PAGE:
All posts tagged literature

My definition of the word ‘dystopia’ is defined by the word’s history and roots. According to The Cambridge Companion to Utopian Literature, the first use of the word, ‘dystopia’, dates back to the 1860s. It is in this era that ‘dystopia’ is distinguished as “the idea of utopia gone wrong” (Viera 16). The prefix “dys” derives from a Greek word dus, which “means bad, abnormal, diseased” and reverses the good nature in the meaning of the word, utopia (Viera 16).  In literature, dystopias and utopias are both imagined places, which are too evil or pure to exist. I believe that the difference between dystopia and utopia in literature thus lies in the underlying mood. Fátima Viera says, a dystopian literature “predicts that things will turn out badly; it is thus essentially pessimistic in its presentation of projective images,” in contrast, utopian literature follows a more optimistic point-of-view (Viera 17). Furthermore, I believe the core of dystopian literature lies in the imperfection nature of the environment. Therefore, the “moral, social and civic responsibility of the citizens” are imperfect elements (Viera 17). This idea is the reason why many scholars and I believe that a dystopia is an anti-utopia.

Through the introduction of sub-genres like science-fiction, romance or apocalypse, the definition of a dystopia doesn’t change drastically, rather the practice of dystopian literature changes from writer to writer. Each literary sub-genre when used in a dystopian novel strengthens a different core element of dystopian literature. For instance, Suzanne Collins utilizes romantic elements in her acclaimed dystopian novel, The Hunger Games. According to Fátima Viera, “…although the images of the future put forward in dystopias may lead the reader to despair, the main aim of this sub-genre is didactic and moralistic…” (Viera 17). The romantic elements of Collin’s book humanize the main character Katniss Everdeen and through this allows her to become a moral character and symbol. For instance, when Katniss falls in love with Peeta during the Games, she begins to protect, trust, and care for him. It’s through moments like this that Katniss becomes the symbol for morality because it so vastly contradicts the actions and emotions of the other members of the Games and the Capitol people.

When geared toward young adults, dystopian literature can hold a much more powerful message. Gregory Claeys says, “‘Dystopia’ is often used […] to describe a fictional portrayal of a society in which evil, or negative social and political developments, have the upper hand, or as a satire of utopian aspirations which attempts to show up their fallacies” (107). The youth of today hold the power to change the world tomorrow. Therefore, if literature geared toward them is social commentary on the world, it can be very impactful. As dystopias tend to point out the “fallacies” of the writer’s present, the literature is a call to action, a call for change (Claeys 107). By highlighting the wrongs of today in Young Adult literature, it can persuade a generation to change tomorrow.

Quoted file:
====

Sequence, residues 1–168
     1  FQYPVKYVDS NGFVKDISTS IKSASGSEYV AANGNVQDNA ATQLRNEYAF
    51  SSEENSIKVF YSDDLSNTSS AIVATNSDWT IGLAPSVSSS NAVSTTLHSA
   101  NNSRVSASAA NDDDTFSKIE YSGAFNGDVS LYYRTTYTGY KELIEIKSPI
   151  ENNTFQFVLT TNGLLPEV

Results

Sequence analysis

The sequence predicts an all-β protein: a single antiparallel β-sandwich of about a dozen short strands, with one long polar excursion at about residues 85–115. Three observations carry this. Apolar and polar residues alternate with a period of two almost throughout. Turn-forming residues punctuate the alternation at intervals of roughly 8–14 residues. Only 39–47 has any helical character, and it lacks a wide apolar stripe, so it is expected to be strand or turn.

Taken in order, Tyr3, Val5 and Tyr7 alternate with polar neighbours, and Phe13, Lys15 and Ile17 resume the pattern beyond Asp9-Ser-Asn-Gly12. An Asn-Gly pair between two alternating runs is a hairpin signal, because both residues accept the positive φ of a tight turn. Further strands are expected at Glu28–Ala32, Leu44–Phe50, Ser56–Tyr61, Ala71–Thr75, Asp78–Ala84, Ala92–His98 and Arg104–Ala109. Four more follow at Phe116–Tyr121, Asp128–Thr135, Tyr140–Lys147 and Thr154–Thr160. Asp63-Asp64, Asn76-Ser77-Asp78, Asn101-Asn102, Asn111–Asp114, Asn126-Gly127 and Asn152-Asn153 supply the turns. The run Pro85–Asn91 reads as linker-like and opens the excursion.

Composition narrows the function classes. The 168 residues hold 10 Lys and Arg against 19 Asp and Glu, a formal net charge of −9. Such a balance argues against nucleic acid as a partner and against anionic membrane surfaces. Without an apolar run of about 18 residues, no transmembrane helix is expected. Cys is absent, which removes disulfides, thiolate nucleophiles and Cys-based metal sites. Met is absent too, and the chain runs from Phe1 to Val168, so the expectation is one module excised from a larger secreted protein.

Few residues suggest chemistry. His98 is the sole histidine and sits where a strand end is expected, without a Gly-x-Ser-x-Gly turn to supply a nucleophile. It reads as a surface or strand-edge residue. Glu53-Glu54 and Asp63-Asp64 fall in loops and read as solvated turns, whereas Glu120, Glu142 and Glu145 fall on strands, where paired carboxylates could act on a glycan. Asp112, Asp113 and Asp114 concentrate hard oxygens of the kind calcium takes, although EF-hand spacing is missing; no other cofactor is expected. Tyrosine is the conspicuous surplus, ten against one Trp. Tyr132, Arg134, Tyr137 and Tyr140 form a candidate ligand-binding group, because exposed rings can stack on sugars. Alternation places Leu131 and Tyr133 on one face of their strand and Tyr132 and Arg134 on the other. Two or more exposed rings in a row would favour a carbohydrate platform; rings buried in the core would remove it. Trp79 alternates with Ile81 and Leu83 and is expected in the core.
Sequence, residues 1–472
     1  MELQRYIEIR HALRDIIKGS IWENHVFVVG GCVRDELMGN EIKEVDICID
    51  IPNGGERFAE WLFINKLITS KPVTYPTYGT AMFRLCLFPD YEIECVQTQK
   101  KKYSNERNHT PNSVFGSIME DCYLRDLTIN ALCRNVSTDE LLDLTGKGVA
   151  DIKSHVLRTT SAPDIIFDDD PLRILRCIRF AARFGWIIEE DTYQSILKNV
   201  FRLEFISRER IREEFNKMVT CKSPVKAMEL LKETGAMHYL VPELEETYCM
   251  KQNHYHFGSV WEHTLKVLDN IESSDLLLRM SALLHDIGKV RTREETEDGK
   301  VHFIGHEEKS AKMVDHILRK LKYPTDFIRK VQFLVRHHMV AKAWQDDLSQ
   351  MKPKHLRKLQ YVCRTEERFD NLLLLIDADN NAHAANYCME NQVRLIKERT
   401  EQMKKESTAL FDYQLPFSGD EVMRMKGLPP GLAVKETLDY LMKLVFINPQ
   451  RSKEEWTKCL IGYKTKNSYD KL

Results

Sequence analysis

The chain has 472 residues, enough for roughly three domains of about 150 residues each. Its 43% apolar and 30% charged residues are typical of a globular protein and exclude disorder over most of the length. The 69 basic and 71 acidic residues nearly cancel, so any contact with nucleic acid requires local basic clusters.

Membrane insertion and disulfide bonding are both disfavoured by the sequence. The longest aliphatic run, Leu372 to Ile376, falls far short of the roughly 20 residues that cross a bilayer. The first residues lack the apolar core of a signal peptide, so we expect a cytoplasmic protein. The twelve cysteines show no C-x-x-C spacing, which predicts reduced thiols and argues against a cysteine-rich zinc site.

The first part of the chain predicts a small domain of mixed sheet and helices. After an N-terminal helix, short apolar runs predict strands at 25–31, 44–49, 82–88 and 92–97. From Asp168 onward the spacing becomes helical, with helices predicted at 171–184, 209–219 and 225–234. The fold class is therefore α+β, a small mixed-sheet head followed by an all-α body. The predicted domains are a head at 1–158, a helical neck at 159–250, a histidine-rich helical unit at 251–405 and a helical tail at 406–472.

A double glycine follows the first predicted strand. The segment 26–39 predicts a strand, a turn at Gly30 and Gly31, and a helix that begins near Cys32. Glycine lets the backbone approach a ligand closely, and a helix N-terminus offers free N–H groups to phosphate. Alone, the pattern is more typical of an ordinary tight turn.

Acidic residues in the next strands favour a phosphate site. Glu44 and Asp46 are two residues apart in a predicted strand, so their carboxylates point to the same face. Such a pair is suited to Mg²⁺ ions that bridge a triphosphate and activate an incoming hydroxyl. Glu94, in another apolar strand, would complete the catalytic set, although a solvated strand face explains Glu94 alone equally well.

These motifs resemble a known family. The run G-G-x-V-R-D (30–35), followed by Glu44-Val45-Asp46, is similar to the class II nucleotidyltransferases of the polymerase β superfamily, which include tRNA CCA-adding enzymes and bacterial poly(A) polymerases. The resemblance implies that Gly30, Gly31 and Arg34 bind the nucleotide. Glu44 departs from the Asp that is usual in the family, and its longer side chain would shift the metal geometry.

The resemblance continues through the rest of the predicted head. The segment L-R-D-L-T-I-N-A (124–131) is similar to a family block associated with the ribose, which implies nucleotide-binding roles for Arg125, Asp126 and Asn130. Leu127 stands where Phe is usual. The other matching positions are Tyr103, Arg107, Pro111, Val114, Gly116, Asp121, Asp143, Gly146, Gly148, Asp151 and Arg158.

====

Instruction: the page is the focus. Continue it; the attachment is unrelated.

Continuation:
Works Cited

Claeys, Gregory. ” The origins of dystopia: Wells, Huxley, and Orwell.” Ed. Gregory Claeys. The Cambridge Companion To Utopian Literature. Cambridge: Cambridge U Press, 2010. 107. Print.

Vieira, Fátima. “The concept of utopia.” Ed. Gregory Claeys. The Cambridge Companion To Utopian Literature. Cambridge: Cambridge U Press, 2010. 16-17. Print.


The term dystopia is a derivation neologism, meaning that it evolved as a variation of another word used to name a newly synthesized concept or idea (Claeys 23). Dystopias were originally created to contrast the pre-existing concept of utopia, a term coined by Thomas More that alluded to an imaginary paradise-like place that focused on non-existent social organization that is better than reality (Claeys 20). The concept of dystopia rejects that utopias can exist, discarding any possibility of mankind achieving perfect equality, stability, and peace. However, analyses of different dystopias result in various interpretations of what a dystopia can be. Many literary dystopias have very obvious negative connotations, but others may have only underlying implications of dystopian elements. Personally, I define dystopia as any place or state that reflects an unpleasant social, political, or economic tension in the way the society is structured. Dystopias may also critique contemporary societies by hiding underlying messages about current issues and events, possibly implying fault in how modern society is structured. Dystopias do not have to be a society that is completely overtaken by misery, oppression, totalitarianism, and dehumanization; they are often simply a society that highlights a few aspects of the common dystopian definition.

In addition, combining dystopia with other literary genres often opens up a new level of depth to interpretation and analysis. Dystopian scientific fiction, for example, exploits possible faults in technological advancement and scientific discovery. As a rapidly evolving civilization, innovative research is always encouraged, yet commonly feared. Dystopian sci-fi literature often embodies this fear, illustrating scientific discovery that goes wrong, with technology dehumanizing civilization. Therefore, dystopias don’t only critique current society, but they also predict future conflict between ethical morality and scientific discovery, altering the definition of dystopia itself.